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What happens to DWI cases in Minnesota while we await SCOTUS’s decision in Bernard?[1] Will judges be willing to stay all DWI cases until SCOTUS issues an opinion? Or, stay just DWI Refusal cases since that is what Bernard entails? Will judges force defense counsel to litigate the issue and force the losing party to appeal the order if they do not like it? We will address these questions among the vast possibilities currently playing out in courtrooms across the state since SCOTUS granted Bernard’s review.     

Litigating Every DWI Case

From a defense perspective, the decision to challenge every DWI Refusal case is a pretty easy one to make. The Minnesota Court of Appeals struck down Minnesota’s DWI Refusal law twice in the past three months. In Trahan, the court declared charging a driver with refusing a blood test unconstitutional; and it declared the same for refusing urine tests in Thompson. With a decision from SCOTUS on Bernard’s constitutional challenge to refusal breath tests looming, not challenging every DWI Refusal case right now is practically malpractice.

But what about litigating DWI cases where someone does not refuse to take a test? Should those be challenged? Absolutely. Once an officer arrests a driver on suspicion of DWI, the officer must read the driver the Minnesota Implied Consent Advisory (ICA),[2] if the officer wants to get an evidentiary breath, blood, or urine test from the driver to use as alcohol concentration evidence. As part of the ICA, the officer states “refusal to take a test is a crime” to the driver before asking them to submit to a test. But right now, refusing to take a blood or urine test is not a crime, and refusing to take a breath test may not be a crime. Therefore, the current ICA is misleading drivers as to their potential criminal liability.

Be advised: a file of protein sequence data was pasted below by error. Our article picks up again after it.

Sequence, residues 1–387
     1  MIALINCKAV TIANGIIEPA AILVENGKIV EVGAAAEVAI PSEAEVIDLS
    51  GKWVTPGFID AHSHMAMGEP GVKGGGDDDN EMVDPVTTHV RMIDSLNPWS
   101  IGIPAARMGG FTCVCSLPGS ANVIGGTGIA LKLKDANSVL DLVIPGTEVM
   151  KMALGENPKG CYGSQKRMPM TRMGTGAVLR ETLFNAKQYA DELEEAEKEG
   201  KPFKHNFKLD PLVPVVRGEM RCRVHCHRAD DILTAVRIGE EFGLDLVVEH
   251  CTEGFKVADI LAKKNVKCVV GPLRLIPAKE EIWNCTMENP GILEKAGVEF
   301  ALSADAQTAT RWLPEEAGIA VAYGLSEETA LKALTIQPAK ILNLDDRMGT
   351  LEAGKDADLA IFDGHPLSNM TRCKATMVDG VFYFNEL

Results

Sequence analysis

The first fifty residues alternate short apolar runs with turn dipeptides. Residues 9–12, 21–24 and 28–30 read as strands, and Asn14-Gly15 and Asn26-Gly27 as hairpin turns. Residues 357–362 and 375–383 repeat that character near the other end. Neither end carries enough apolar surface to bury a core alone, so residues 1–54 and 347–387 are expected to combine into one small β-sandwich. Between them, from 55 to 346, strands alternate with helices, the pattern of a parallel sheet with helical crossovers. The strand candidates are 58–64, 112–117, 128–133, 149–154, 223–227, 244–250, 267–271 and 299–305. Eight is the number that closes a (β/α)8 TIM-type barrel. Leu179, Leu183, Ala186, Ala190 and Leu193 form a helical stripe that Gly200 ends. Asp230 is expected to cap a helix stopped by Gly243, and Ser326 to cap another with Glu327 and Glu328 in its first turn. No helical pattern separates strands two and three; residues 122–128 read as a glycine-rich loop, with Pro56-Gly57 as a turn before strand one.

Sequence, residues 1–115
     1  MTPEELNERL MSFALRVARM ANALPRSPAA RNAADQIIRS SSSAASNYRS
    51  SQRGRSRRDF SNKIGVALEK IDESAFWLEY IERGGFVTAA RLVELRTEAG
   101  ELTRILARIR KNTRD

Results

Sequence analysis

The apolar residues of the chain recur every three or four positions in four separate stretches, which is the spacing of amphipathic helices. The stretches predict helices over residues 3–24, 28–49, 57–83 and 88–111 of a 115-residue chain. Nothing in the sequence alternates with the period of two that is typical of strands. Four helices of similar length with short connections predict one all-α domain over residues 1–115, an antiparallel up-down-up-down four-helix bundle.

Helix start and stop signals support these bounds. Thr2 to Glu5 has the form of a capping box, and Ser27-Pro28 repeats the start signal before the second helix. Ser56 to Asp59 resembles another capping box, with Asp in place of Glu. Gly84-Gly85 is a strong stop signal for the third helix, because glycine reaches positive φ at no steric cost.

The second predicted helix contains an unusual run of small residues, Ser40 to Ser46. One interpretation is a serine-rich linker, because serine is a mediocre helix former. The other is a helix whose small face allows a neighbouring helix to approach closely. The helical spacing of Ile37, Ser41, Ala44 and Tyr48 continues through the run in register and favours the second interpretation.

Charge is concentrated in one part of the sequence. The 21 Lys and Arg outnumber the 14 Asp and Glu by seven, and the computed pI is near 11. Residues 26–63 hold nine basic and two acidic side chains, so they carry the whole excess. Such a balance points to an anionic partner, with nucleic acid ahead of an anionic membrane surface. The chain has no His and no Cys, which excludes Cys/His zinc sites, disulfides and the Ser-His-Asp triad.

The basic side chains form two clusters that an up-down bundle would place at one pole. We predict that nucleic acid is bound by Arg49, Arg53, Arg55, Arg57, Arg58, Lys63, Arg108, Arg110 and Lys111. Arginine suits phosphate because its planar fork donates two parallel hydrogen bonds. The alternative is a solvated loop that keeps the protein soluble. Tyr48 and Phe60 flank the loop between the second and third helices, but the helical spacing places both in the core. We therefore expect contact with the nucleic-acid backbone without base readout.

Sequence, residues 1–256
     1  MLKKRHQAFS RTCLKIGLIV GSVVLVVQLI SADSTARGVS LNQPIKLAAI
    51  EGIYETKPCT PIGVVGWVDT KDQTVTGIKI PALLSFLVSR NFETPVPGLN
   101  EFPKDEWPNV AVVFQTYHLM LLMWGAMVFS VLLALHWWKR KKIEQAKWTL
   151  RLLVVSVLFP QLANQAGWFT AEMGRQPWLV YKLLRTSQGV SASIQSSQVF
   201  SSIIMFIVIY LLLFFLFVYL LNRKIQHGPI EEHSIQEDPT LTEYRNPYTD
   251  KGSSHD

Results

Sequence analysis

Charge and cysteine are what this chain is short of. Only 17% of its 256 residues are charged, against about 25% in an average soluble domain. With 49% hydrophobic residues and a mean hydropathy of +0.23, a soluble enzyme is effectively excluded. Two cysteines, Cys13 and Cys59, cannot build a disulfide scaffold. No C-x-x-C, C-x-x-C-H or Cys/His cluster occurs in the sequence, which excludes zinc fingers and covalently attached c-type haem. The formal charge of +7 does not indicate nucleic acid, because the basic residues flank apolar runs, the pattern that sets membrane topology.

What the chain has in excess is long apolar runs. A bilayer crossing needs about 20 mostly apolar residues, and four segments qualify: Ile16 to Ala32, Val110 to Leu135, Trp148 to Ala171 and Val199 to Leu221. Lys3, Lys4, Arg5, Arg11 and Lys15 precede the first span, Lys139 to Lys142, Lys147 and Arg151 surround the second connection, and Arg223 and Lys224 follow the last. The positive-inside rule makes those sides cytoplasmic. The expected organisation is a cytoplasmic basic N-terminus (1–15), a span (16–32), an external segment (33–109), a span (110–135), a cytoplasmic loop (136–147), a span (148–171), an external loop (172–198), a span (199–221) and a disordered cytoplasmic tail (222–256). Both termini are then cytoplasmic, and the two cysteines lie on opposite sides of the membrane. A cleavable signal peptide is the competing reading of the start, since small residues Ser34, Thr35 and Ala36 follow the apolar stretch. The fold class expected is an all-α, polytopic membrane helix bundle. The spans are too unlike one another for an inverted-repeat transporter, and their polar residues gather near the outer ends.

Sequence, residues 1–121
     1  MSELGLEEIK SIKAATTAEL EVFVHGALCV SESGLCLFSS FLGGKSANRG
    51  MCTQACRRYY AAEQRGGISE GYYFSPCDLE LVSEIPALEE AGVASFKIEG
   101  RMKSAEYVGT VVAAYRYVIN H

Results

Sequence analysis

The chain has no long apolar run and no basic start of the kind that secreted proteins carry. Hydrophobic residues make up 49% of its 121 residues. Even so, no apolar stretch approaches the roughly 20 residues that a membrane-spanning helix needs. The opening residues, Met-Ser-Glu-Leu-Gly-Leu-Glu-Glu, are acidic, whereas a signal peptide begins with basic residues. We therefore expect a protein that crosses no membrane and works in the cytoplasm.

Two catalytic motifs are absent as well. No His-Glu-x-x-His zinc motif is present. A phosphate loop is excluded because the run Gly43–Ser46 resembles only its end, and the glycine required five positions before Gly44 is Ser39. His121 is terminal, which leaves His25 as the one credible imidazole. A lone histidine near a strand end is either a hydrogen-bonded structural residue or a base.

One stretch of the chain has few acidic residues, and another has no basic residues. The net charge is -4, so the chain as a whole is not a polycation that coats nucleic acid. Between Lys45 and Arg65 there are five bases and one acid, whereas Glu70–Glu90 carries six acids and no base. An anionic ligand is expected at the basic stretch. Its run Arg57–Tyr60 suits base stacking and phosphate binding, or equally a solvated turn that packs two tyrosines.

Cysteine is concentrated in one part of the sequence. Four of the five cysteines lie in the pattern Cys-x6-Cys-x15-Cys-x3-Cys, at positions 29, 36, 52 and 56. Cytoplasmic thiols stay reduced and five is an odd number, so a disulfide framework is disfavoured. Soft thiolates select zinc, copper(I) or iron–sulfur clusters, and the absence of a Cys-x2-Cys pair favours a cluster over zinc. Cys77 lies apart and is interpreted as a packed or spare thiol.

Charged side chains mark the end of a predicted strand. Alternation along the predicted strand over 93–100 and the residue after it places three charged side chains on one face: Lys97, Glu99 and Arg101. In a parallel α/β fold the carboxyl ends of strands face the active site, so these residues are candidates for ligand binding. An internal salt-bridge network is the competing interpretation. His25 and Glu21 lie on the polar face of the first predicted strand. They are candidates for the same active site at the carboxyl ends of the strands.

Stay Proceedings?

Some defense attorneys are asking judges to stay proceedings in DWI cases while we wait for further guidance from SCOTUS on the constitutionality of Minnesota’s Refusal law. Some judges are granting these requests. But in some jurisdictions, judicial policy is to force the parties to litigate the issue and the losing party can appeal if they want to. In those jurisdictions it appears the court worries more about a backlog of stayed cases than it does about correctly deciding a constitutional issue currently before the United States Supreme Court.

Plead Guilty and Attempt to Withdraw the Plea Later

In some cases, prosecutors will offer a nauseating option: plead guilty to the DWI, whether refusal or not, and they will not object to a defendant’s motion to withdraw their plea down the road if SCOTUS reverses Bernard. In courtrooms across the state, prosecutors are making this offer and defendants are taking it—sometimes with the advice of counsel. People often want to resolve their case and move on with their lives, or they do not want to pay for an appeal if they lost the issue already. But if Bernard, Trahan, Thompson, McNeely, and many others never appealed a wrongful decision, where would we be?

 

Robert H. Ambrose has a Lead Counsel Rating in Drunk Driving Defense and is a member of the National College for DUI / DWI Defense. He also recently received a Client’s Choice Award for 2015 from Avvo. DWI Lawyer St. Paul and Minneapolis; criminal defense attorney St. Paul MN; and criminal attorney St. Paul MN.  

[1] Recently, we blogged here about the Supreme Court of the United States (SCOTUS) granting review and here about why SCOTUS granted review.

[2] Minn. Stat. 169A.51, subd. 2.

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